Neil Young’s Film Lounge – The Keep
USA 1983 : Michael Mann : 92-6mins
The music begins. Three technological monoliths emitting urps and hissings and pings and swooshings in the dark, little rows of lights flickering futuristically as the three men at the keyboards, who never say a word, send out sonar blips through the congealing air. Yeah, lets swim all the way out, through the Jell-O into the limestone. I close my eyes and settle back into the ooze of my seat, feeling the power of the cough syrup building inside me as the marijuana fumes sift through the cracks in the air, trying to conjure up some inner-eyelid secret movie.
Lester Bangs, I saw God and/or Tangerine Dream Village Voice, 18 April 1977
Thanks to Michael Mann, cinemagoers of the early 80s didn’t have to close their eyes to emulate Bangs experiences, as Tangerine Dream provided soundtracks for both his first two features. But while pounding, swirling synths were an obvious match for Thiefs brand of stylish urban noir, they were a bold choice for The Keep, a baroque slice of wartime supernatural gothic set in 1941 Romania. The score is 1983 through and through, but it hasnt dated in fact, its the one aspect of the movie that really stands up two decades later. Otherwise, this is Manns one and only misfire so far.
Misfire or no, its still recognisably his work, and as such as always worth watching. But if it wasn’t for the Tangerine Dream input, the film would probably work a lot better as a silent movie the most charitable way of describing Manns dialogue would be to say it doesn’t add to ones understanding or enjoyment of the movie. A choice example: mysterious stranger Scott Glenn arrives at an inn high in the Carpathian alps. He enjoys a passionate (if dramatically superfluous) liaison with a fellow guest. Afterwards
She : Where do you come from?
He : Im a traveller.
She : From where?
He : Everywhere. Go to sleep and dream.
Glenn turns out to be a mysterious being, possibly of alien origin. His lifelong quest: to prevent a demonic force breaking free of the vast mountainside keep which has been its prison for hundreds of years. Guarded by generations of fearful villagers, the keeps security is endangered by two packs of marauding Nazis Jurgen Prochnows good soldiers of the Wehrmacht, then Gabriel Byrnes bad stormtroopers of the SS. A Jewish historian (Ian McKellen) is brought from a concentration camp to decipher the secrets of the keep his daughter (Alberta Watson) comes with him – its she who has the encounter with Glenn at the inn. Meanwhile, the demonic force is gaining power and form, planning to use McKellens hatred of the Nazis to gain his escape
Based F Paul Wilsons, The Keep is an unusual, original horror picture, and the first half hour suggests it might even be some kind of masterpiece the opening sequence follows the Wehrmachts trucks through the dense, foggy mountain landscape, pounding synth music rising in an awesome crescendo. Mann delivers a virtuoso moment soon after, as a pair of over-eager soldiers, convinced there’s silver hidden within the keeps walls, pull out a stone block, and one of them peers down into a vast interior. The camera then pulls back, revealing an enormous black expanse inside the mountain, all the way back to some kind of metallic altar: then a white fireball zooms out from the altar, retracing the cameras progress through the void, right back to the soldier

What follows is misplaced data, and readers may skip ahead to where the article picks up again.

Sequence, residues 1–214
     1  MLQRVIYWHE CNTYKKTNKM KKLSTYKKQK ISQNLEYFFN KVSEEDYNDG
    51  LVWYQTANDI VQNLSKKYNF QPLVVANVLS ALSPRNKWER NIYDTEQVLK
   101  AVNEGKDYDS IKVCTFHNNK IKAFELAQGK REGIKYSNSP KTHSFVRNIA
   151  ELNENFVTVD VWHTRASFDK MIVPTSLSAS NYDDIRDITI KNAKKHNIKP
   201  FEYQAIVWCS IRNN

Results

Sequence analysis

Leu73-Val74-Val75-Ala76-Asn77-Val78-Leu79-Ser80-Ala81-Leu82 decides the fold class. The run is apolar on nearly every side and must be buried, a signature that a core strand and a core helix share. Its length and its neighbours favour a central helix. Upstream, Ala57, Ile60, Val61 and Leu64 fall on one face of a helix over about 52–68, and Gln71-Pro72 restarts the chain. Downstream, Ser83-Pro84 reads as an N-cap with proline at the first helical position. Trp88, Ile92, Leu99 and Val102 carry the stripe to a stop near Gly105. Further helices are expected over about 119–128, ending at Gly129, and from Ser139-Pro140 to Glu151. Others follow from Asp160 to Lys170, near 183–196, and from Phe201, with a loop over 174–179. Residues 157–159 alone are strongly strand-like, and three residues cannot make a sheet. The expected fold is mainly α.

Sadly, its mostly downhill from here. Mann doesn’t know how to handle the development of the movie now that the evil force is on the loose dodgy special effects don’t help. Like McKellens old-man make-up, the monster, in all its various stages, is notably unconvincing nowhere near as impressive as anything in John Carpenters roughly contemporary The Thing. The poundingly atmospheric use of synth music, the red-eyed demon, and various glowing metal crosses all nod back to The Fog, but while Mann seems to have learned a lot about horror style from Carpenter, he’s taken less notice of horror plotting. Theres no way, for instance, that Carpenter would have allowed this material to descend to the kind of bombastic portentousness which takes over at the end of The Keep, as Glenn and the creature square off in a laser-heavy final combat.
Spielberg dealt with the whole Nazis-meddling-in-mystical-shit-get-their-desserts more efficiently in the last ten minutes of Raiders of the Lost Ark than this movie manages in its full hour and a half. But then again, isn’t that a suspiciously short running time? The post-production of the film was apparently very messy, and it was rapidly buried after flopping on US release. It would make sense if there were another half-hour of footage lying around somehere it would explain the jerky pacing of the middle sections, and perhaps tie up the mysteries left dangling at the end. As it is, The Keep remains the least successful, least known of all Manns features but the soundtrack continues to sell.
3rd February, 2001
by Neil Young
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